Shoulder injuries happen frequently during sporting events and other forms of vigorous physical activity. Encompassing a broad range of disorders, the term shoulder instability (or a condition in which the shoulder slips in and out of the joint) basically indicates any condition in which this vital part is pulled out of joint, dislocated, or rendered loose or lax.
The types of shoulder surgery that Dr. Tallman performs are the following:
Arthroscopic SLAP Repair: A SLAP (Superior Labral Anterior Posterior) tear is an injury to the rim of cartilage that encircles the shoulder socket (known as the labrum). Arthroscopic repair of detached tissue can be performed on young athletes and other types of tears can be removed so they no longer cause pain symptoms.
Arthroscopy for Shoulder Dislocation: A shoulder dislocation injury occurs when the ball of the shoulder joint comes out of the socket. In young athletes, the damage most commonly occurs at the labrum. To stabilize the shoulder after dislocation, a type of surgery known as a Bankart repair can reattach the labrum to the shoulder socket, and repair the joint capsule to hold the ball in place.
Rotator Cuff Repairs: One of the most common surgical procedures for the shoulder is a rotator cuff repair. In most cases, this surgery can be performed arthroscopically. The goal of the surgery is to identify the damaged part of the rotator cuff and to clean and reattach any torn or damaged tendons. Once the healthy tissue is found, the surgeon will use different techniques to restore the tendon without excessively stretching the remaining tissues.
Acromioclavicular (AC) Joint Repairs: The acromioclavicular joint, commonly known as the AC joint, is the junction of the end of the clavicle (collarbone) and acromion. There are several problems that can occur at the AC joint. The first is that it can wear out. This can occur as a result of arthritis, usually at the site of previous trauma. It can also deteriorate due to a repetitive use injury, such as weightlifting (a condition referred to as distal clavicle osteolysis). If either of these conditions occurs, open surgery may be performed to remove the end of the collarbone and widen the AC joint space. Another type of AC joint repair can be performed when the joint is separated due to an injury and the collar displaces upward.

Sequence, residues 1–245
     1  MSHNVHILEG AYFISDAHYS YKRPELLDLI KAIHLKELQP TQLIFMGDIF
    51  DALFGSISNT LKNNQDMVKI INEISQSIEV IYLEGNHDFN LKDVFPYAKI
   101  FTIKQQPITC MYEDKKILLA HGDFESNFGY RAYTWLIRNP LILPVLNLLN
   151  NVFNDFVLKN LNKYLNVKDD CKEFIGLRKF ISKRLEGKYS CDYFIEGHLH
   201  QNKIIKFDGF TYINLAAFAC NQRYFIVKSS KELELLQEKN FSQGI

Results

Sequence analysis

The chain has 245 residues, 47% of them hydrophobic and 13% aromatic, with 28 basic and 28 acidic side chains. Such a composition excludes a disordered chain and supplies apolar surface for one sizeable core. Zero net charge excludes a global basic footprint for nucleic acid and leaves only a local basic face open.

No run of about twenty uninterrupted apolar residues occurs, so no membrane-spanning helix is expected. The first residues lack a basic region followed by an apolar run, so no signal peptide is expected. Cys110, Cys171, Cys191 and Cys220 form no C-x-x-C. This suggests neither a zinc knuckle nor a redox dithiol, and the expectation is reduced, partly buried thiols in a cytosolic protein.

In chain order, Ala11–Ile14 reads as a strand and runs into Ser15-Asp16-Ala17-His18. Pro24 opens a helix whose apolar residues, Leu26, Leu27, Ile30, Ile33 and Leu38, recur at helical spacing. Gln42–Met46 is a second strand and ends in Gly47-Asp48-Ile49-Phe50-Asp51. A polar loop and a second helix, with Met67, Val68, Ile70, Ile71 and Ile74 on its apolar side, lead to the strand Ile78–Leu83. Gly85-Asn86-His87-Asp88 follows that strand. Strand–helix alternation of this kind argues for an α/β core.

Biceps Tendon Surgery: The bicep is a muscle on the front of your arm. At the top end is a tendon, called the long head of the bicep, that attaches the muscle to the shoulder by traveling through the rotator cuff and affixing itself to the labrum. This complex relationship makes the long head of the biceps a common target for shoulder problems. Biceps tendon surgery can be performed in isolation or as part of a rotator cuff repair. There are generally two approaches used. One is to sever or release the tendon connection inside the shoulder joints. The other is to release the tendon and then reattach it outside of the shoulder joint, and this can be done through arthroscopic and open techniques.
Shoulder Replacement: Shoulder replacement surgery is typically reserved for advanced arthritis of the shoulder joint but can also be used for complex fractures and other problems that cannot be repaired with other techniques. A typical shoulder replacement will replace the ball and socket joint with an artificial ball made of metal and a socket made of plastic.
Arthroscopy for Impingement Syndrome: Impingement syndrome can also be described as rotator cuff tendonitis and bursitis. The arthroscopic procedure used to correct impingement is known as subacromial decompression. The aim of the surgery is to increase the space between the rotator cuff and the top of the shoulder (known as the acromion). The surgeon removes bone spurs and can “clean up” the frayed or worn tendons and remove inflamed bursal tissue.
In severe cases in which surgery is needed, both open surgery or arthroscopy (a minimally invasive procedure in which an illuminated arthroscope is inserted through a small incision to inspect and repair damage in the shoulder) might be considered, with the goal always being to repair and strengthen the impaired shoulder ligaments and tendons.